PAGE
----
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Making the Grade
(Continued from 1)

Writing papers is another area that many students feel incompetent to handle because they don't understand writing is a skill that can be learned just like any other. Joel Saltzman, author of If You Can Talk, You Can Write, encourages writers to take the plunge and put on paper whatever they are thinking. This will provide a large rough draft to work with in writing your final paper. Cure your perfectionism by recognizing that the first draft is just the beginning. Use as many drafts as necessary to say exactly what you need to say. The standard outline generally recommended for research papers consists of an introduction, several paragraphs for the body of the paper, and then a conclusion to wrap up the ideas presented.

Examine what study patterns work best for you. Younger students in college for the first time often wait until the last minute and have a heavy cram session, but you should plan ahead. Several short study sessions over time is a better strategy. Reviewing your notes each day after class helps reinforce the material learned, reducing the study time required before a test.

If it seems that your memory no longer works as well as it once did, be assured that it is still possible to retain information. It may take a bit more time for you, but the brain can be be prodded to work again. Acronyms can be useful when trying to remember a list of facts. Creating a word or phrase that contains the first letter of each item is an easy way to remember a list. Creating study groups can be helpful for older students unsure of themselves as well as young students. Students teaching students can be reaffirming for both groups. If you are able to share some knowledge and help another student understand a concept they are struggling with, it can be a boost to your confidence as well as helping to reinforce the material for you.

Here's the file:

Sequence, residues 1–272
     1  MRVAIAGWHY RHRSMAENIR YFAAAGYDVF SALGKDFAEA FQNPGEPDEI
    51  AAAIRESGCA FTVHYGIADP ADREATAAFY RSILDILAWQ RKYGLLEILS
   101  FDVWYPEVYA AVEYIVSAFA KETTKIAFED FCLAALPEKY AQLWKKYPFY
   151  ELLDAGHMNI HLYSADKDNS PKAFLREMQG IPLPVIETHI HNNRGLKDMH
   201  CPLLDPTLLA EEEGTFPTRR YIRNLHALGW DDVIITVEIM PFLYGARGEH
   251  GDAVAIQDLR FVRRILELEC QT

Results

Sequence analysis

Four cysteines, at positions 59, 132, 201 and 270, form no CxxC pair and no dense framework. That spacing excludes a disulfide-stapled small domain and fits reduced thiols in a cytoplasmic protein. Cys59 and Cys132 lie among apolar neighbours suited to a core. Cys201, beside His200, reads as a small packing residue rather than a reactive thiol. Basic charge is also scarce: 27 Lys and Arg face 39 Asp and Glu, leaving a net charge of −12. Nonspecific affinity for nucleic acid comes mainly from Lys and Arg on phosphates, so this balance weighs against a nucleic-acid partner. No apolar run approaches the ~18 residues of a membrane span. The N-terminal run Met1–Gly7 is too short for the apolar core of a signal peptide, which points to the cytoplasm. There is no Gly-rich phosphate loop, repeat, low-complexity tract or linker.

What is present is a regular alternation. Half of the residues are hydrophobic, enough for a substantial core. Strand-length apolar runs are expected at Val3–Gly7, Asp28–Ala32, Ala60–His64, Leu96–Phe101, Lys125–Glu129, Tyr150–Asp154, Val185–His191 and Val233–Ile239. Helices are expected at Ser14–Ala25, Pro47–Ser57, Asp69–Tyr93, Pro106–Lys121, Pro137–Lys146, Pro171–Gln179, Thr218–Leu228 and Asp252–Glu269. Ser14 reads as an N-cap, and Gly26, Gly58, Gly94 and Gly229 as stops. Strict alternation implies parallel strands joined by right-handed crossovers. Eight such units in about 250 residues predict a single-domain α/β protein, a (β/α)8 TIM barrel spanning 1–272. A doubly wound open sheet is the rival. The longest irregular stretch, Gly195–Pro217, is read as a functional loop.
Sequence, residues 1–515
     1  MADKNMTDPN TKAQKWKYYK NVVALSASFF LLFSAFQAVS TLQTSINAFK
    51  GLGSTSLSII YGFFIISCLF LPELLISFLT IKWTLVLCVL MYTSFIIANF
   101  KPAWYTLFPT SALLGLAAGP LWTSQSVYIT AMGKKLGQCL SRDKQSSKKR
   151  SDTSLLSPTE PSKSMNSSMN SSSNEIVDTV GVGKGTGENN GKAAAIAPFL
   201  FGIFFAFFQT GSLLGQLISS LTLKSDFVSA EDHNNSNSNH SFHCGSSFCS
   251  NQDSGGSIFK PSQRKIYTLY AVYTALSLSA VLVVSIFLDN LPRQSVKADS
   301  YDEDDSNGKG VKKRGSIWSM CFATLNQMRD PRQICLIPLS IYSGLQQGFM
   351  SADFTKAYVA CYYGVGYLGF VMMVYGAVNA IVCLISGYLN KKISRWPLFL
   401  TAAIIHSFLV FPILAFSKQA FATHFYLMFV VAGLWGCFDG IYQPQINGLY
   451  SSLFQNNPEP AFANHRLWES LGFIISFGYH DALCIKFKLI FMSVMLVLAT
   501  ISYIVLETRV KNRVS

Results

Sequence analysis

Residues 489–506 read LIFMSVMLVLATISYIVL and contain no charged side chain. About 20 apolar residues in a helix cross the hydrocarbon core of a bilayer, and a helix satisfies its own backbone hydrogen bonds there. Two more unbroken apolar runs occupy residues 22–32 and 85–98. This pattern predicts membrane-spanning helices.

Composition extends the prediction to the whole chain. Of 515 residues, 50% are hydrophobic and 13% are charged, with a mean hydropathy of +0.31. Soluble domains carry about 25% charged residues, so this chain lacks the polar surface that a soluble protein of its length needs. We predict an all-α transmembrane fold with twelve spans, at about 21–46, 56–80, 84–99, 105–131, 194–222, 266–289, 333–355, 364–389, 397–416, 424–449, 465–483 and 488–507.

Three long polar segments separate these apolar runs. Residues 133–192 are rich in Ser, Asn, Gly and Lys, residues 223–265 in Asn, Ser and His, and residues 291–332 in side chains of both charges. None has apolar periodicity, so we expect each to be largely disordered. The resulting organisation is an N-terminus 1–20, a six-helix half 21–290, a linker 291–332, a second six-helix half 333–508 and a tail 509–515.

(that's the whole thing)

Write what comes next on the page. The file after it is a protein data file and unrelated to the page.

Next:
There are many test-taking tips available but in the end, it all comes down to how well you have prepared. Everything from class attendance, note taking, completing homework assignments and reading the textbook all combine to determine how well you will perform on a test. Some other helpful strategies include arriving for the test on time, reading the directions carefully, reviewing the test before you begin so you can budget your time wisely and using all of the time available to review your answers. You should always answer all of the questions and not change an answer unless you are positive it should be changed. Usually your first instinct is right. Anxiety can be a concern for anyone taking a test but the longer you've been away from the classroom, the more anxious you are likely to feel. Practice some relaxation techniques that you find helpful but remember that some anxiety can actually enhance your performance.

As you begin earning some good grades, your confidence with soar. Success will breed continued success for you. You took the leap into an uncertain future and you worked hard for it - maybe harder than you ever have before and you have the good grades to prove it. Be proud of your new accomplishments because you are making the grade.


Elizabeth Solazzo is employed in the student financial aid office at a community college where she spends her days working with many adult students helping them find aid for their college education. Read about her own journey in returning to school.

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